5 Ways to Help Control Your Taxes in Retirement
Taxes aren't something retirees can deal with once a year. They are something you need to plan for all year, every year. Here's an overview to help get you started.
Many people only think about taxes when they’re forced to.
It might be when they fill out a tax document for work or when they tuck away a receipt for a deductible expense or charitable gift. And, of course, people inevitably think about taxes when April 15 is looming large on the calendar, as they pull all their paperwork into a pile for their tax preparer or to do it themselves.
They’ll cross their fingers and hope they don’t owe anything — and that maybe they’ll even get some money back.
But hope is not a plan — especially in retirement. That year-to-year approach won’t cut it if you want to potentially avoid future tax liabilities, thanks to all that tax-deferred money sitting in your qualified retirement account. You’ll want to consider a long-range, proactive plan to help protect your future security.
While you’re thinking about your taxes for 2017, why not start looking at ways you can control your taxes every year in retirement? Here are some steps you can take:
1. Develop a forward-looking, tax-efficient plan.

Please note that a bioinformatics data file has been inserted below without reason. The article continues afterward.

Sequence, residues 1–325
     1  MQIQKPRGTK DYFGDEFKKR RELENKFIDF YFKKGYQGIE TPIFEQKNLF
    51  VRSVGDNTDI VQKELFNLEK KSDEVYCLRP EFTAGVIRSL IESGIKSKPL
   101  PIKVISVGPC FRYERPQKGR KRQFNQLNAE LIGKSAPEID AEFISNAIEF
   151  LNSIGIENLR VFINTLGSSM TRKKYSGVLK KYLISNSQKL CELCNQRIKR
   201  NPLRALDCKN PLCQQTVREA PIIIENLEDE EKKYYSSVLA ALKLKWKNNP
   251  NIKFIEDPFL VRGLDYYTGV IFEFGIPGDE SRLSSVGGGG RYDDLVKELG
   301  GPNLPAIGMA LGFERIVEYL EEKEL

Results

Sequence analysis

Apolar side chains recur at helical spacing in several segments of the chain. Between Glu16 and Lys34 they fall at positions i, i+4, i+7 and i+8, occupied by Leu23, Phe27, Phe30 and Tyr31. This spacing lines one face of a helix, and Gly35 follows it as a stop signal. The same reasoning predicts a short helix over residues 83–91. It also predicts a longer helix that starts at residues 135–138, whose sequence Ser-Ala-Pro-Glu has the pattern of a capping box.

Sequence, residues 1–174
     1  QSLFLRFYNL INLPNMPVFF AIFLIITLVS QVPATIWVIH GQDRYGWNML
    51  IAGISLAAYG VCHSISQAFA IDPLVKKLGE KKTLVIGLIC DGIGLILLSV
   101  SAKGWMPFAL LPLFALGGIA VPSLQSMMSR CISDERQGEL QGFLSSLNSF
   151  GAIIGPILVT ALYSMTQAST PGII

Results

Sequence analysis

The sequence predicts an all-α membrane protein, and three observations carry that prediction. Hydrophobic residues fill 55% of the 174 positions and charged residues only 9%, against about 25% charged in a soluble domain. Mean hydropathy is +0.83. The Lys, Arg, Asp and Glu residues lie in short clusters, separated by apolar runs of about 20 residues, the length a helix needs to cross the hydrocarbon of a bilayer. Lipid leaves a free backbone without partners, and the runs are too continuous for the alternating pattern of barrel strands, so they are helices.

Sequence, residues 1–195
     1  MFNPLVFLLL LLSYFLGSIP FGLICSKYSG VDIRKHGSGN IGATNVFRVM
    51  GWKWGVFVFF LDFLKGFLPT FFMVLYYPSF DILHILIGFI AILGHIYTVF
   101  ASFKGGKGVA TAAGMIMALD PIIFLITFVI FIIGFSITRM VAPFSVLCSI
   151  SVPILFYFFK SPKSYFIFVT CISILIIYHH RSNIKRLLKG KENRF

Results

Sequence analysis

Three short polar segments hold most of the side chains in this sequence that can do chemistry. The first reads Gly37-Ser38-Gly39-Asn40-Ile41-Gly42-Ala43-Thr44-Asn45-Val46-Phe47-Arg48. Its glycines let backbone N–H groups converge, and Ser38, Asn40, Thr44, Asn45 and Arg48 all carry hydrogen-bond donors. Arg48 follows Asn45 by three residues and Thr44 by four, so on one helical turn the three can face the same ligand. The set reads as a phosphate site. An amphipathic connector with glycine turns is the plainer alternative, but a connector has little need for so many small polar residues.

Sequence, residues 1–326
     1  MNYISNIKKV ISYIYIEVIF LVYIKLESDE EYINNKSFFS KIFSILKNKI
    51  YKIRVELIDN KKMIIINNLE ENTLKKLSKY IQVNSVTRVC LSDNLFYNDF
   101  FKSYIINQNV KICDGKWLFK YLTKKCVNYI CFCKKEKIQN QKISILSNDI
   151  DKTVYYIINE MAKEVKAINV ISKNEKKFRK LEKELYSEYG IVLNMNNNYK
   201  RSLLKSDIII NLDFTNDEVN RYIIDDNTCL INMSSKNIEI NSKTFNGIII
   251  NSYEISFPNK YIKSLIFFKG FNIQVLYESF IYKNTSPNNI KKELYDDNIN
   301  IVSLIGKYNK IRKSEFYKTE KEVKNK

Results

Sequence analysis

Here are some questions you can ask yourself as you evaluate how you can keep more money in your pocket instead of handing it over to the IRS:
- What do I think the future tax brackets are going to be? Even after President Trump signed the tax overall bill into law for 2018, there are likely to be other changes through the years.
- How will my tax bracket change when I retire? Some people believe their taxes will go down in retirement — but that isn’t always the case, particularly in the first few years, when you’re likely to be more active and, thus, drawing more income. And you may lose some deductions you’ve had in the past if you pay off your mortgage or close your business.
- What’s my income going to look like? Your overall retirement plan should include an accurate income plan that can help you assess how much money you’ll be getting from various sources. Don’t forget that some of your Social Security income may be taxable.
- What’s my required minimum distribution (RMD) going to be? When you reach 70½, you’ll have to start taking withdrawals from your tax-deferred accounts (your 401(k)s and traditional IRAs) — and the percentages used to figure those amounts increase every year.
- Do I want my loved ones to pay taxes on the money they inherit? If you don’t, you’ll have to put a plan in place to protect them.
2. Diversify among your account types.
Many workers today are putting all or most of their savings into some kind of qualified retirement account, such as a 401(k), 403(b) or IRA. Those tax-deferred accounts have real appeal when you’re accumulating money. But savers tend to forget that when it’s time to take the money out, they’ll have to pay ordinary income tax on every dollar. Once you turn 59½, you can move some of that tax-deferred money into different financial vehicles, such as a Roth IRA or a cash-value life insurance policy, without paying a penalty. If you want to potentially avoid a giant tax bill today, you can convert in small amounts, instead of a lump sum. Since the conversion would be considered a taxable event, the taxes would be paid at the time of conversion.